About The Chad Hasty Show

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The Chad Hasty Show is Lubbock’s Radio Revolution. What does that mean? Well, it’s the new age of talk radio. It’s not boring, it’s not preachy, it’s real talk radio. We are the guys at the bar talking about politics, entertainment, sex, sports, and everyday life. It’s been called one of the edgiest shows on the air, and we are proud of that. The Chad Hasty Show is here to entertain with humor and being that “edgy show” that some people are ashamed to listen to. Tune in every Saturday from 2-4pm to listen to REAL talk radio and get ready to have fun listening.

You can also listen online at chadhasty.com

One Response to “About The Chad Hasty Show”

  1. Bob Crowley November 28, 2011 at 10:23 am #

    The Centers for Disease Control will make their experts available for radio interviews on Tuesday and Wednesday December 6th and 7th.

    They will have the latest information on the upcoming flu season, including details of a new variety of swine flu that has emerged.

    The schedule for Tues 12/6 is beginning to fill up, but there is still a good selection of times available for Wednesday.

    Just reply to this email, and we will get you on the schedule.

    I’m pasting the general release below.

    Bob Crowley

    CDC Experts Discuss the Facts about this Season’s Flu

    Tuesday or Wednesday, December 6-7, from 6am to 4pm ET

    What’s new and important for your listeners to know about the flu and vaccines this winter?
    National Influenza Vaccination Week (December 4-10) is an annual reminder that December – and beyond – is not too late to get a flu vaccine to prevent the spread of this unpredictable and potentially life-threatening disease.
    Live or taped radio interviews are available with CDC experts to discuss the latest vaccine recommendations, specifically the dosage for children, and the need for a yearly flu vaccine.
    Background:
    Influenza (the flu) is a serious disease that can lead to hospitalization and sometimes death. Flu seasons are unpredictable in severity and timing. Over a period of 30 years, between 1976 and 2006, estimates of flu-associated deaths range from a low of about 3,000 to a high of about 49,000 people. Influenza outbreaks can occur as early as late fall and as late as the spring. Flu viruses are constantly changing. Each flu season, different flu viruses can spread, and they can affect people differently based on people’s immune systems. Even healthy children and adults can get very sick from the flu.

    About Our Experts:
    The following are just a few of the CDC experts who could be available December 6-7, 2011 for interviews.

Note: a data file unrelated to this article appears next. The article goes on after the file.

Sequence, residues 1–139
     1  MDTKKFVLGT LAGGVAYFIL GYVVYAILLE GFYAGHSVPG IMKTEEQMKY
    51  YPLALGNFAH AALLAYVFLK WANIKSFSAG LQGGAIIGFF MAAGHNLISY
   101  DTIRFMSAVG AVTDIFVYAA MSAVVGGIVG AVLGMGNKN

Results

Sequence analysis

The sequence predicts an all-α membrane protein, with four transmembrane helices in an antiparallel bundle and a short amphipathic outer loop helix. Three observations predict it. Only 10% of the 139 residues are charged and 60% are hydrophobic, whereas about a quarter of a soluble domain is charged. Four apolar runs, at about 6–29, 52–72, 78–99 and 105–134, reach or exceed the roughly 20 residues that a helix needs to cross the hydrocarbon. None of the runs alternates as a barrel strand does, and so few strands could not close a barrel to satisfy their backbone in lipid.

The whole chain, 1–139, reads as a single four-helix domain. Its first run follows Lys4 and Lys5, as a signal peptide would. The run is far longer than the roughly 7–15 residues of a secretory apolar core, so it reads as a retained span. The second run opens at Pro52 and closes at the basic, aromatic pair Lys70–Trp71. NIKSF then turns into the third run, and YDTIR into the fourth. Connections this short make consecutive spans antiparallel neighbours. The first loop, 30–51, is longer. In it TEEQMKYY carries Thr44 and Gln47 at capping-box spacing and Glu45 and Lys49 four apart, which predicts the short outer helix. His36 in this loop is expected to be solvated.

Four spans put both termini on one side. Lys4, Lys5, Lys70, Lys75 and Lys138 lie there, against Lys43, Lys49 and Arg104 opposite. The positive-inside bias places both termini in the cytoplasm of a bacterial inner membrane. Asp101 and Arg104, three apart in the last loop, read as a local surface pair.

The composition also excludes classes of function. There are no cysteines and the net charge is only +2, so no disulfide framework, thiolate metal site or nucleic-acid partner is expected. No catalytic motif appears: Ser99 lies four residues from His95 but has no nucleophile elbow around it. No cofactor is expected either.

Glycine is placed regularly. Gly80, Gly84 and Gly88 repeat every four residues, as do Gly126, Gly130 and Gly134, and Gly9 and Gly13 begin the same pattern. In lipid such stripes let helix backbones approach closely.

Iyabode Akinsanya-Beysolow, M.P.H., M.D., (12:30-2:15 p.m. ET on Dec. 6) is a Medical Officer in the Education, Information and Partnership Branch of the National Center for Immunization and Respiratory Diseases at CDC. Her responsibilities include the development and implementation of immunization education and training materials for vaccine providers, presentations at courses, lectures and web-based conferences on vaccine-preventable diseases.
    Andrew Kroger, M.D., M.P.H., (8-4 ET on Dec. 6) is a Medical Officer with CDC’s National Center for Immunization and Respiratory Diseases. Kroger, a pediatrician, is a traveling trainer in CDC’s Education, Information and Partnership Branch, for which he has given over 100 presentations on immunization updates and pandemic influenza preparedness.
    Raymond A. Strikas, M.D., F.A.C.P., (9-12 or 3-4 ET on Dec. 6; 9-4 on Dec. 7) is the Senior Adviser to the director of the Immunization Services Division at CDC’s National Center for Immunization and Respiratory Diseases. He is responsible for coordinating aspects of seasonal influenza, adult vaccination, and emergency preparedness initiatives. Dr. Strikas is a Captain in the U.S. Public Health Service, and is an acknowledged national authority on vaccine-preventable diseases and the vaccines to prevent them. He has authored or co-authored more than 50 articles and book chapters on these subjects.
    Dr Tim Uyeki, M.D., M.P.H., M.P.P., F.A.A.P., (6-4 ET on Dec. 6, and 6-1:30 on Dec. 7) is Deputy Chief for Science, Epidemiology and Prevention Branch at CDC’s Influenza Division. He is an Associate Clinical Professor in the Department of Pediatrics, University of California, San Francisco, and an Adjunct Associate Professor in the Hubert Department of Global Health, Rollins School of Public Health, Emory University. Dr Uyeki has also served as a consultant to WHO on clinical and epidemiological issues related to seasonal and pandemic influenza, including extensive international H5N1 outbreak experience.

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